The Deltics were successful, but complex beasts due in part to their gear trains transmitting the power of the three crankshafts to a center output shaft. The exhaust ports covered the external face of the circumference of the liners only because it was out of the question to arrange exhaust manifolds inside the triangle formed by the cylinders banks. This triangle was closed at one end by the phasing and power transmitting gears, and at the other end by the turbo-machinery and its drive. This was quite intricate, especially in the later versions which included a compounded exhaust turbine, mechanically connected by a step-up gear to the output shaft, as well as three intercoolers. These versions (CT18-52B) intended for fast patrol boats, weighed 6200 kg complete with their transmission and were able to develop up to 3100 hp at 2100 rpm.
The Deltic was also employed for main-line rail traction, being installed in 22 locomotives of the same name (or class 55) of the British Railways. They finished their career in 1982 after 20 years of front-line service. These 99 ton CC diesel-electric locomotives were equipped with two Napier Deltic 18-25B engines with a continuous power rating of 1650 hp each at 1500 rpm. They showed outstanding performances and could exceed 160 km/h. Six of them have been preserved in an operational state and still pull charter trains occasionally.
Outstanding tech information about the Deltic is available at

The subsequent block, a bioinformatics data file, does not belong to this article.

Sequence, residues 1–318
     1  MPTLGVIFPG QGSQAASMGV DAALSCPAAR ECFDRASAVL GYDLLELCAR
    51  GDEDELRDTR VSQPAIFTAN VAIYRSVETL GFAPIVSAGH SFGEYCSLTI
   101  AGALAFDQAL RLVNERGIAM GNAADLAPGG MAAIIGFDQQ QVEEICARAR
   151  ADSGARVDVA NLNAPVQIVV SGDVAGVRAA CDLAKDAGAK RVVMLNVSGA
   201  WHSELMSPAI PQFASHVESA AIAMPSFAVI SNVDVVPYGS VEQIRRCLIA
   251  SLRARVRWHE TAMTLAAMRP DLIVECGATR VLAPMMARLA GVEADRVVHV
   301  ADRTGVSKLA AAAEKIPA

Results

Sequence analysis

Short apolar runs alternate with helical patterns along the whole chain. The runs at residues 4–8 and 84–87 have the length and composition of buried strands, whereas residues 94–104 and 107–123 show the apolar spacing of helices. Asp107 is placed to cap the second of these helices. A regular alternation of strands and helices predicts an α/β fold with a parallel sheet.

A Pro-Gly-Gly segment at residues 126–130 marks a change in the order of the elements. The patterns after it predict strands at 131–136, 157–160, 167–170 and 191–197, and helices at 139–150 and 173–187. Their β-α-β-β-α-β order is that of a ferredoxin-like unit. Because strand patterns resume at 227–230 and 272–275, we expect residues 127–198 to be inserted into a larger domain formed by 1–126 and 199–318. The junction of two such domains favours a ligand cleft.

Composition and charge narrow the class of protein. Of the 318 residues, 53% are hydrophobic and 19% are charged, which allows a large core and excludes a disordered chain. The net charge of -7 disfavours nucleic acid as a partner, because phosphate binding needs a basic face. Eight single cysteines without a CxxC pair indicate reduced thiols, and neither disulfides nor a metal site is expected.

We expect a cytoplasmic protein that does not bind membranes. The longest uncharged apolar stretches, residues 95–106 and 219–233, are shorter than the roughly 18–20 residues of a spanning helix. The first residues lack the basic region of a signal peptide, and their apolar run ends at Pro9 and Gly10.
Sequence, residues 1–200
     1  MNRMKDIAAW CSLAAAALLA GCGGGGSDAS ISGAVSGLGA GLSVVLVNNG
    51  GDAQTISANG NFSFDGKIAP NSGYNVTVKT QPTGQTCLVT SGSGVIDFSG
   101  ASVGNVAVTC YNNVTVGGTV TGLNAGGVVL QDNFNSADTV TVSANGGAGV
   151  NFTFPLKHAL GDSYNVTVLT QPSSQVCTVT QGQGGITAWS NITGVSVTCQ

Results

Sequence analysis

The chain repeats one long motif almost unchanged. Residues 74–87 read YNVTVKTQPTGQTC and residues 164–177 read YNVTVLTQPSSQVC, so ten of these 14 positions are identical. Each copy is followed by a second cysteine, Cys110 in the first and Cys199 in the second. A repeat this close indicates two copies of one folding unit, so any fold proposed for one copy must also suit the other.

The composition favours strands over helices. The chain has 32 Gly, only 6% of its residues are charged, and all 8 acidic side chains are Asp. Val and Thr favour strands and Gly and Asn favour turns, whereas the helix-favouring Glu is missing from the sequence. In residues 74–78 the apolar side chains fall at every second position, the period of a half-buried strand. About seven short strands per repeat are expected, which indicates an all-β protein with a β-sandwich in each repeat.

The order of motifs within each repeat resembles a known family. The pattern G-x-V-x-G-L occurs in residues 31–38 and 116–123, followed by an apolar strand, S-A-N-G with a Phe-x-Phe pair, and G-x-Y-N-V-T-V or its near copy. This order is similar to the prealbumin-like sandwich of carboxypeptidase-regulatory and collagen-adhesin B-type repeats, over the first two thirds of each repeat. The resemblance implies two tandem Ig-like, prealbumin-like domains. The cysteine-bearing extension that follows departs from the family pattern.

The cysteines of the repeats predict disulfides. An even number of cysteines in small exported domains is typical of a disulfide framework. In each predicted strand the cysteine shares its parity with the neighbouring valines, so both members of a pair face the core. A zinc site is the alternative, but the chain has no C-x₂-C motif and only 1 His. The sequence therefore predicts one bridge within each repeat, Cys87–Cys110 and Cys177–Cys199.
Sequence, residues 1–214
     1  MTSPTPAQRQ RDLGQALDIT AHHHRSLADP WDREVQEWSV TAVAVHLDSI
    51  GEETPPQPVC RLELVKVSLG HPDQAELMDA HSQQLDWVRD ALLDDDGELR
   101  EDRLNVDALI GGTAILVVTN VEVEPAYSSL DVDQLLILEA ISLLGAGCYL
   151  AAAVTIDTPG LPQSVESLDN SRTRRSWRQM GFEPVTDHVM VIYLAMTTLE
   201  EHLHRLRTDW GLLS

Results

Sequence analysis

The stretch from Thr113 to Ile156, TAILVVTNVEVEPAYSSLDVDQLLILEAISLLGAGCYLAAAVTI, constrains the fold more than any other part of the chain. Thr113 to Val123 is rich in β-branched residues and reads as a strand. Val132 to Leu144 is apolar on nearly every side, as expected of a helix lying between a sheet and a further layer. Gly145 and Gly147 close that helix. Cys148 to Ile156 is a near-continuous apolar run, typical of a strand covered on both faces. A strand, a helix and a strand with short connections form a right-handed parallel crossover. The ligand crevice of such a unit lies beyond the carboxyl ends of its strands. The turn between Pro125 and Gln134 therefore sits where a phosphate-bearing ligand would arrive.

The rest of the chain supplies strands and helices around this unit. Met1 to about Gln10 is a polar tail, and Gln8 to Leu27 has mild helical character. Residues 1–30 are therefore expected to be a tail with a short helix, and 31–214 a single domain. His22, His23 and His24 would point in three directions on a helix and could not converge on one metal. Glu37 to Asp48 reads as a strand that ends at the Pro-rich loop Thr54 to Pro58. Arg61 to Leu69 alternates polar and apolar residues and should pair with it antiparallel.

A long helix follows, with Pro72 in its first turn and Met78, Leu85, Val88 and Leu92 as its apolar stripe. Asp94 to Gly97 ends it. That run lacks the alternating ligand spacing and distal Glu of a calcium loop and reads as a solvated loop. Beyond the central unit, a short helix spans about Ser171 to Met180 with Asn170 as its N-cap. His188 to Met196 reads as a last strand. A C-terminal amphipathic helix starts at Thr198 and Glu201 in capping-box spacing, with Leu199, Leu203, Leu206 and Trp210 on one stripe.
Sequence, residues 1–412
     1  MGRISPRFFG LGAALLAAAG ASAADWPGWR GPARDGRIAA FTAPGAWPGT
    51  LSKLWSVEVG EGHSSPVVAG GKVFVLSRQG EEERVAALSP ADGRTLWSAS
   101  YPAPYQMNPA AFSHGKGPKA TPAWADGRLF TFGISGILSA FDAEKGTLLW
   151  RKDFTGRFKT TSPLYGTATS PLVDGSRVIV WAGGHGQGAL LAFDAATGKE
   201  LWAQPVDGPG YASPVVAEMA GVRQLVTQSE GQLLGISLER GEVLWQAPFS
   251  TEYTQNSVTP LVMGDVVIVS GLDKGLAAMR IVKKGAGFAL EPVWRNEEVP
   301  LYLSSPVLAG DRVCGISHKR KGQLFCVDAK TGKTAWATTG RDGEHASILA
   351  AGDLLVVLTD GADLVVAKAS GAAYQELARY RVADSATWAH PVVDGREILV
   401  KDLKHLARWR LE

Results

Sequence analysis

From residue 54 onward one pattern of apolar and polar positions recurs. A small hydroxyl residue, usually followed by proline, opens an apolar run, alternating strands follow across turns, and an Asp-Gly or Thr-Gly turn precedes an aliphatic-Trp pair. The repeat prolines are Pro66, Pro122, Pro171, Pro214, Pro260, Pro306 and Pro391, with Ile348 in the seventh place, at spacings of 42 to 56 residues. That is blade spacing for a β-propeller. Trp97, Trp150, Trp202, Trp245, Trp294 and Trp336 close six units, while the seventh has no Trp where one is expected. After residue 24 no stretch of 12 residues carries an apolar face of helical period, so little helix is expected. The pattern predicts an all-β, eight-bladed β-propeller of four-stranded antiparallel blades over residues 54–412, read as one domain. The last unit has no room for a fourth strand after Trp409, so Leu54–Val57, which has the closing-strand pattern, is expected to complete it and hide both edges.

BATTLE TANK ENGINES
The British Chieftain tanks were powered by two opposed piston engines. A small 1 liter 3 cylinder Coventry-Climax H-30 APU (Auxilliary Power Unit) to drive the generator and a hydraulic pump for starting the main engine. This was a 6 cylinder multi-fuel Leyland L-60 of 19 liters, rather similar to the Junkers Jumo 205, but with cylinder dimensions of 117.6 x (2·146) mm giving a stroke/bore ratio of 1,24. Scavenging was ensured by a Roots blower, quite visible in figure 13. The development of this engine was problematic; thus the specified power of 750 hp at 2100 rpm was reached only on the later versions during the Seventies, and it seems that its reliability was poor.
The Rolls-Royce K-60 is a similar engine but of 6.6 liters for 240 hp at 3750 rpm, and was widely used for smaller military vehicles in the 1960's an 70's.
Figure 13: Leyland L-60
Another 6 cylinder opposed piston engine is produced in the Ukraine by Kharkov Engine Building Design Office (KhkBD) for battle tank propulsion. The displacement of 16.3 liters is obtained by the square dimensions of 120·(2·120) mm. It weighs 1180 kg, measure 1602·955·581 mm and is deliverable in two versions:
6TD-1: 1000 hp at 2800 rpm, 215 g/kW/h, 2500 Nm at 2050 rpm
6TD-2: 1200 hp at 2600 rpm, 218 g/kW/h
Figure 14 : KhkBD 6 TD-1
Various other opposed piston engines existed or are currently in development, among them some with a single crankshaft which were used for automotive propulsion. (File to come soon).
The author expresses special thanks to Philip J. Dingle for the several corrections and suggestions which greatly improved this translation.
- Gastertaedt J., "Junkers Heavy Oil Engines" in The Engineer, Feb. 5th, 1937
- Von Gersdorff & Grassman, "Flugmotoren und Strahltriebwerke"